minds that a rabbit ball was working.
Wo finally told our third base coach
er to go to tho Rochostcr bench be
tween innings and keep watch. Suro
enough. He discovered that they
were tossing out n live wlro toward
tho end of games when Rochester
"They confessed then and we
kept their secret on the condition
that they tip us off ns to where they
got the livo ones. So, tho next day
visited tho shop, which was located
in Rochester, and there on a bench
was a package of balls directed to W.
"I called the attention of tho old
German who ran tho shop to the
package and ho admitted that It con
tained lively balls.
"'But,' he said, 'they aro only for
" 'That's all right,' I told him. 'Just
give mo a few dozen Just for prac
tice! ' And I got them.
"But, from then on, I felt that Bill
Armour would bear watching when It
camo to pulling off a trick now and
then. Finally, wo caught him. It was
in 1004. Waddell nnd Earl Moora
wore having a battle right. It was 4
to 4 when we finished our half of th
ninth, Hickman was the first man up
for Cleveland in tho last half of the
ninth. He smash! tho first ball on a
line, but Hartjsel went back to the
fen oe and grabbed it Larry picked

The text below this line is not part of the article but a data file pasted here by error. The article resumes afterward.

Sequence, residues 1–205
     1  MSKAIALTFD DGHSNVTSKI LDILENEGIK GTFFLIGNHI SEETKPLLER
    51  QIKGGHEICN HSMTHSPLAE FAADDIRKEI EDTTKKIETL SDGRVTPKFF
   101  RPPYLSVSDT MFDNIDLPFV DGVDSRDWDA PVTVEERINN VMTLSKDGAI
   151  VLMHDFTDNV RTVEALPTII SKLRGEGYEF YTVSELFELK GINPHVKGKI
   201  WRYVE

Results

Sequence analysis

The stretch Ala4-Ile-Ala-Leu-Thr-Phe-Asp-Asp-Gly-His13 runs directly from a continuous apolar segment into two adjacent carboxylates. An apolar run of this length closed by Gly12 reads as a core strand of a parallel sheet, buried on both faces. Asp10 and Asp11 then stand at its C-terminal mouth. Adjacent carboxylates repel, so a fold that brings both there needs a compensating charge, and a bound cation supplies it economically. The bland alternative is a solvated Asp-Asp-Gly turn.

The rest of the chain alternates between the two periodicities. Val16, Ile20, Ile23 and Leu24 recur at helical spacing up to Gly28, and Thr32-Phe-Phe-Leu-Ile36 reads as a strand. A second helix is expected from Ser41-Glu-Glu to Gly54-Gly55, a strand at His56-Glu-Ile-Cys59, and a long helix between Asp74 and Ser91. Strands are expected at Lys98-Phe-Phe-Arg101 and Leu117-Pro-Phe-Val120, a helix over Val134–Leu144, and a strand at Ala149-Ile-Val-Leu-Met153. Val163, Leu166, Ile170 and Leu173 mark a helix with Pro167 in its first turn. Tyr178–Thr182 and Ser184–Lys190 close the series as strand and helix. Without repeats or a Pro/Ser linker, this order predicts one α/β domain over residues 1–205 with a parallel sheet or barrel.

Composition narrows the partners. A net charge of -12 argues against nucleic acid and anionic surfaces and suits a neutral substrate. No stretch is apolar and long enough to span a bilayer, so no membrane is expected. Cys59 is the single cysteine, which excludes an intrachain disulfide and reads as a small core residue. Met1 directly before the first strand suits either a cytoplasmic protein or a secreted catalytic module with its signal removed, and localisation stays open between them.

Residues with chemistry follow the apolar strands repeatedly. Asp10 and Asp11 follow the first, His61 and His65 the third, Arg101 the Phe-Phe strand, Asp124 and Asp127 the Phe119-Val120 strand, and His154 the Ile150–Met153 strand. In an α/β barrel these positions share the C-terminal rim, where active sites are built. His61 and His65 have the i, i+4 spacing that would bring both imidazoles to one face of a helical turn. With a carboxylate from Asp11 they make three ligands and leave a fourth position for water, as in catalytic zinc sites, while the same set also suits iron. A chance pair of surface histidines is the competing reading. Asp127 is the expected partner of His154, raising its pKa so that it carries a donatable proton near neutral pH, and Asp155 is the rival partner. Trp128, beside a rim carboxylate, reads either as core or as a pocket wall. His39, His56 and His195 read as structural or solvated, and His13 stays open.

the noxt one and Dave Fultz mado a
wonderful running catch. Now CToro
land had not been hitting Rubo that
hard up to that tlmo nnd I passed the
word around that whoever rando the
third out should keep tho ball and see
that it was still In play when the
tenth inning began if the Naps did not
mnnago to win out. Then Flick hit
it on tho nose, but Sox Soybold mado
the best catch I ever saw him make,
a one-handed stab la right center.
"Sox remembered what had been
said and he brought tho ball in nnd
never handed It over until Moore was
ready to pitch. "Wo did not intend to
let Cleveland havo a chance to throw
it out of tho lot. Then came our half
of tho tenth nnd we scored ten runs.
And Bill Armour never ran In another
rabbit against us."
Govern Central League.
Tho new 12-club Central League
will be governed by an entirely new
method this year, according to tho